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Tis the season for big game hunting

Pronghorn antelope require a special big game permit.
Stock photo

Pronghorn antelope require a special big game permit.


Chukar are frequently found in the area during fall and winter months.


Coyote are available to hunt year-round.


The Arizona mountain kingsnake can be hunted year-round with a 20-per-day limit.

GRAND CANYON, Ariz. — Still frigid air, calm forests, and the light crunch of snow beneath your boots: the pine forests of northern Arizona draw hundreds of hunters to the area each winter to hunt everything from birds to big game.

The variety of wildlife in northern Arizona is diverse, offering hunters the opportunity to bag animals such as mountain lions, elk, fish, birds, javelina, bear, and even some reptiles. Strict take limits are in effect to keep the wildlife populations at safe levels, and some species, such as antelope, elk and bear require hunters to enter a draw for special hunt permits.

A license is needed to legally hunt and fish in Arizona — they’re available by contacting the Arizona Game and Fish Department (AZGFD) at (928) 774-5045. Hunters who are not Arizona residents can use a mail-in form to request special-use or short-term permits during their visit.

The following wildlife are currently in season locally: bear, bighorn sheep, bobcat, buffalo, chukar, coyote, deer (firearms and archery), dove, foxe, mountain lion, quail, rabbit, sandhill crane, snipe, squirrel and waterfowl.

Draw applications for elk and pronghorn antelope are now being accepted. The draw takes place the second Tuesday in February — all applications and fees must be submitted prior to the deadline. According to AZGFD, applications are processed through a random number generating program three times. The first pass applies to accumulated bonus points; points, or extra numbers, are awarded for hunter loyalty programs, completion of hunter education, and other activities. Applications are scanned for first and second choice permits, and if enough permits are available for all persons named on the application, tags are granted.

Twenty percent of the big game tags will be awarded in this way, with a 10 percent non-resident cap. Next, random numbers will be reassigned to each remaining application, which will be processed twice more; once through a first-second choice pass, then through a third-fourth-fifth choice pass, until all tags are awarded. Anyone who submits an application but is not successful in the draw will receive a refund of fees paid. If any tags remain after all draw applications are processed, they will be made available to the public on a first come-first-served basis.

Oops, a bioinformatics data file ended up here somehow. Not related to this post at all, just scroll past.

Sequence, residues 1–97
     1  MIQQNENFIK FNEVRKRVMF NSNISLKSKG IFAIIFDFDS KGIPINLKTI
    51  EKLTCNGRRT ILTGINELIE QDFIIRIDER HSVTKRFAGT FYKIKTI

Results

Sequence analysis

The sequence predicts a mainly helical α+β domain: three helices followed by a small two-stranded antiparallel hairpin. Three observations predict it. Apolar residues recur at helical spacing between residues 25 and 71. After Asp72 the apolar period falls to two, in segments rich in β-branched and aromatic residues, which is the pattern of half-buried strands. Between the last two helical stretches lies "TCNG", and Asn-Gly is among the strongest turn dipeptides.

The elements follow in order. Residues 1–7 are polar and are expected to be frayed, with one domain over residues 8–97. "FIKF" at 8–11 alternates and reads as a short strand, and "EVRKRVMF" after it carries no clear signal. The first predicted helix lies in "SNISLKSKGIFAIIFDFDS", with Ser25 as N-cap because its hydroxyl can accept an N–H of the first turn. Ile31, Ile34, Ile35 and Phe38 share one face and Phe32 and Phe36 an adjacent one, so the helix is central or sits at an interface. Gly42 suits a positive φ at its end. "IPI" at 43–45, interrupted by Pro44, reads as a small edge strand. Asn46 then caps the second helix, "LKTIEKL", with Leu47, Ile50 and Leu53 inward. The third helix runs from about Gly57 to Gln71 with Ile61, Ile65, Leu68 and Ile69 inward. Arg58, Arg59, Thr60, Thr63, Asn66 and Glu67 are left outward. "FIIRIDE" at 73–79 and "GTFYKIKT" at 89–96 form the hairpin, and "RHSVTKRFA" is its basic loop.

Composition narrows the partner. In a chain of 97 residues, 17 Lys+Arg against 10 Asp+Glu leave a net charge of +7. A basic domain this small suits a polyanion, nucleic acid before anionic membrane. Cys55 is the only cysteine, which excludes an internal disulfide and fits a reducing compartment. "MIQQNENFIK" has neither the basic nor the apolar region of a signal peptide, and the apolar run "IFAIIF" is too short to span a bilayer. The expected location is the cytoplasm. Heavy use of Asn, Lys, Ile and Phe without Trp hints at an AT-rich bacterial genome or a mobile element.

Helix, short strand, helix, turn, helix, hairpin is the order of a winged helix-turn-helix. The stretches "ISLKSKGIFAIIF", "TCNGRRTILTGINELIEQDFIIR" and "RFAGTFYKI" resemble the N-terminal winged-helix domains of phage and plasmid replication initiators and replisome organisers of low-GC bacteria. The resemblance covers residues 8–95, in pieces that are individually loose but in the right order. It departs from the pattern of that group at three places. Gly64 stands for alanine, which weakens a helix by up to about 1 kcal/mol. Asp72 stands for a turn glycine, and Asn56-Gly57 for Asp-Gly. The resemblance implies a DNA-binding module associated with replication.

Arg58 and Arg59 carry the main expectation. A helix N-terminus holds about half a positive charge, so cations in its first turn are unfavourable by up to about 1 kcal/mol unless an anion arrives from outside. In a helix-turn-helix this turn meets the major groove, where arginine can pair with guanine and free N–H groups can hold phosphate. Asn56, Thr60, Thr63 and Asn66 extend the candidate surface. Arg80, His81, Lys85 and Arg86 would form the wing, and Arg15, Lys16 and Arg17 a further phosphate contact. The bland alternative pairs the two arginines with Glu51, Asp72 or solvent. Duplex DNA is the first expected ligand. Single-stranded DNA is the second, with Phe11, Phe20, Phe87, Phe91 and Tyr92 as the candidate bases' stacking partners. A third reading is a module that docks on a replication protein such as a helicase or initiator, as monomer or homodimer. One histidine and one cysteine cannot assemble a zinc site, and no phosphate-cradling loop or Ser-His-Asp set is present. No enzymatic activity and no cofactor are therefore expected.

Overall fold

Species that require a draw are elk and pronghorn antelope (February); deer, fall turkey, fall javelin, bighorn sheep, fall buffalo and pheasant (June); and spring javelina, bear, turkey and buffalo (October). Although the draw for the spring big-game hunt closed in October, there may still be leftover tags available for purchase in some regions. A list of any leftover permits can be found at www.azgfd.com/Hunting/Draw.

A few tags are also available through the Arizona Big Game Super Raffle and other non-profit wildlife conservation organizations. These tags are unique, allowing the holder to hunt for one trophy animal across the entire state for 365 days, regardless of season. These tags are auctioned or raffled off and all proceeds are returned to AZGFD to help manage the big game species through wildlife and habitat management. AZGFD works with the Arizona Habitat Partnership Committee (AHPC), which was originally established to help curb elk and livestock conflicts. There are currently 10 local habitat partnership committees and one local affiliate across the state.

Winter hunting often rewards participants with fewer crowds and plump animals, but more precautions also need to be taken in the snow and freezing temperatures. Long, patient waits in sub-freezing mountain air can take a toll on the body and may require layered clothing, warm boots, and a hat or scarf to protect the head and face. The U.S. Forest Service recommends dressing in bright clothing, as white or tan can be mistaken for a deer tail, and placing an orange vest on your dog if it will be accompanying you.

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